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Deepfakes: A Looming Threat to the Fabric of Democracy

In the ever-evolving landscape of technological advancements, deepfakes have emerged as a powerful tool with the potential to disrupt the very foundations of democracy. These manipulated videos, images, and audio files, created using artificial intelligence (AI), can seamlessly stitch together real and fake footage to fabricate audio and visual content that can be incredibly convincing. While deepfakes initially gained traction for their entertainment value, their misuse in the realm of politics and social discourse poses a grave threat to the integrity of democratic processes.

The Basics: A Weapon for Deception and Manipulation

  • Deepfakes can be employed to spread misinformation, discredit individuals, and sway public opinion. Politicians can be portrayed saying or doing things they never did, creating false narratives that can damage their credibility and influence electoral outcomes.
  • Political campaigns can be derailed by doctored videos that tarnish the reputation of candidates, while fabricated footage of public figures can incite violence and undermine social harmony. We are seeing this already in the creation of fake content targeting politicians.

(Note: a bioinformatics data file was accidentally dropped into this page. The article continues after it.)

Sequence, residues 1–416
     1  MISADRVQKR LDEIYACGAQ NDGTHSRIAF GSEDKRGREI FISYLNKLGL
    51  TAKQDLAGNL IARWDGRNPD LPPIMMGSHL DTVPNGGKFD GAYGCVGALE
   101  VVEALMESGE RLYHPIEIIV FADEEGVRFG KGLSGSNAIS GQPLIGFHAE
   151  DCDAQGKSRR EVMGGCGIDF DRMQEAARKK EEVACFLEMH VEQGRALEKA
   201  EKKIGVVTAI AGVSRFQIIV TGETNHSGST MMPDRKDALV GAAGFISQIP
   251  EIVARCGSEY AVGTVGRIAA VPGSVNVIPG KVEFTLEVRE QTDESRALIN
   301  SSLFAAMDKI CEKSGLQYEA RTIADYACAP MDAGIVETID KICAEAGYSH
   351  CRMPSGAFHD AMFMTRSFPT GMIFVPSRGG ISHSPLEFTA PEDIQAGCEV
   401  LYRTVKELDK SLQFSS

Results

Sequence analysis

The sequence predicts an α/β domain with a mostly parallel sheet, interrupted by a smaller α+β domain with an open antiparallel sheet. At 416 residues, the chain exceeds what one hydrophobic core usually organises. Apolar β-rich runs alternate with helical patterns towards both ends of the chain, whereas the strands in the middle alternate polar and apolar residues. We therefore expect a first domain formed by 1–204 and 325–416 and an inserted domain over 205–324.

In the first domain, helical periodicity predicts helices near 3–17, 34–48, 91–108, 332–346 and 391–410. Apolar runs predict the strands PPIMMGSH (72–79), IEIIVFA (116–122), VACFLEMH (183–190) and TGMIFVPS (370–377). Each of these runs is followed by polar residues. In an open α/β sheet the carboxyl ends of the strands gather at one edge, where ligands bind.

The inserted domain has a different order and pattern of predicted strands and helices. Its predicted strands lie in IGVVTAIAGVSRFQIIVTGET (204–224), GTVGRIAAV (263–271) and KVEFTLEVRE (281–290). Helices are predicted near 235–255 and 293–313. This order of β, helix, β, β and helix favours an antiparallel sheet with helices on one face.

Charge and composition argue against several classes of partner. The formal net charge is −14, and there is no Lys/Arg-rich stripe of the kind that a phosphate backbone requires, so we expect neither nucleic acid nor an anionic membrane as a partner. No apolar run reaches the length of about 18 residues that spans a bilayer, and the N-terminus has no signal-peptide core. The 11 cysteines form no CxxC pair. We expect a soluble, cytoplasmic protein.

• Creating a false narrative can not only derail elections, but also influence conflicts, through the manipulation of media coverage, aimed at increasing or decreasing public support.

In October and November 2023, two British politicians allegedly became the targets of persons or groups intent on discrediting them both. First to be targeted was British Labour leader Sir Keir Starmer, when an audio clip alleging to be a recording of Sir Keir swearing at a colleague was released on X (formerly Twitter). At the time of writing, the clip had been viewed 1.6 million times.

Since then, Sir Keir, his team, and several Tory politicians, Security Minister Tom Tugendhat and MP Simon Clarke, have publicly stated that the clip is fake.

Next, London Mayor Sadiq Kahn came under fire when an audio clip purporting to show him suggesting “Remembrance weekend” could be postponed in favour of a pro-Palestinian march.

As with Sir Keir, a spokesperson for the Mayor of London has said that the video is fake: “The Met and their counter terror experts are aware of this fake video that is being circulated and amplified on social media by far-right groups, and are actively investigating.”

A spokesperson for the Metropolitan Police Service said: “We can confirm that we have been made aware of a video featuring artificial audio of the Mayor, and that this is with specialist officers for assessment.”

However, no organisation, whether a law enforcement agency or specialist private business, has been able to prove that either video is genuine or fake because we do not yet have the technology to identify deepfake mistakes in audio clips.